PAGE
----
Staff at one of Scotland’s biggest riding schools have been praised for their proactive approach in tackling a serious outbreak of strangles, which affected 35 horses.
The stables at the Kelburn Estate and Country Centre, which is also a popular tourist attraction with an adventure course, falconry centre and woodland walks, were forced to close for three months from 26 January.
Estate owner The Earl of Glasgow, said: “The outbreak was not as disastrous as it might have been because we followed all the correct procedures and we managed to bring the disease under control in a relatively short space of time. I can’t praise my staff and the veterinary team enough for the way they handled it.”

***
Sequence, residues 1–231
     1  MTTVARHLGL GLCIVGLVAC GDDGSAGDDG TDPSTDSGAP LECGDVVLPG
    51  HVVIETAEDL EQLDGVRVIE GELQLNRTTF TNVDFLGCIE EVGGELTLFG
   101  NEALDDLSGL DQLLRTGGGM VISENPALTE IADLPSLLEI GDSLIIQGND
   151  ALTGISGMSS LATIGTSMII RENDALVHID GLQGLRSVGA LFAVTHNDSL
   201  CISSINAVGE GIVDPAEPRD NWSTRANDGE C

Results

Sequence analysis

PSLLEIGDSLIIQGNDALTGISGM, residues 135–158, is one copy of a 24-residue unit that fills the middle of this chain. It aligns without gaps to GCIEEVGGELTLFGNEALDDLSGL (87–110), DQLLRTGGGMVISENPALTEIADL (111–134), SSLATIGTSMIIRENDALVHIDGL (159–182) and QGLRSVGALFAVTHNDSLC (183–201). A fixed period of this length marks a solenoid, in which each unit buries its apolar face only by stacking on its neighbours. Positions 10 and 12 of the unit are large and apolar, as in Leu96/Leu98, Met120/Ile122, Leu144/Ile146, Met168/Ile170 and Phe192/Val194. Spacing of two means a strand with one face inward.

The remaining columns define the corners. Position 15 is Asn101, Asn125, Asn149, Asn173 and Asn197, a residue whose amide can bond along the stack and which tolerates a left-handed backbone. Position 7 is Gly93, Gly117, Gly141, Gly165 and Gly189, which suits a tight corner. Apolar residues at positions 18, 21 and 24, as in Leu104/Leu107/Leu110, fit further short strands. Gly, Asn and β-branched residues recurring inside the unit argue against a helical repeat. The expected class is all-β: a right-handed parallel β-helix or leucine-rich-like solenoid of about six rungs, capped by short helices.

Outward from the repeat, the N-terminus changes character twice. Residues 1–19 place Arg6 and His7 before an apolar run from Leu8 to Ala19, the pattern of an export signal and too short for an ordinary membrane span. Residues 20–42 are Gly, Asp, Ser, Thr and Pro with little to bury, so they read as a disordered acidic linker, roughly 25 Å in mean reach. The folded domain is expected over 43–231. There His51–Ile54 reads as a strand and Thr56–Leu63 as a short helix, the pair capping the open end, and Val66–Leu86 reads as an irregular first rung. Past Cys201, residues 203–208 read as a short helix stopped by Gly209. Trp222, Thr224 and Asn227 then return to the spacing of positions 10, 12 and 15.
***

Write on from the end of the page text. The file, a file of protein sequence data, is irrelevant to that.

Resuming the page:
Kate Smith, a vet at the Kilmarnock-based practice McKenzie, said the centre followed diligently the recommended guidelines for stopping the spread of strangles.
“All the horses were isolated and tested regularly to make sure they were free of the disease,” she said.
Kelburn managers set aside a quarantine area for staff to change their overalls and boots and to wash their hands. Water buckets and feed containers were disinfected daily and any areas that might have been contaminated were scrubbed with water and detergent and then disinfected.
“We decided to be upfront from the start and close the stables,” explained yard manager Kerry Russell. “We allowed owners to come and tend to their horses so long as they observed the strict infection control measures.
“We have a lot of land and were able to separate the horses into groups depending on what signs they were showing. We tested the horses regularly and those that came back negative were not treated, whereas borderline cases were kept isolated and tested a fortnight later.”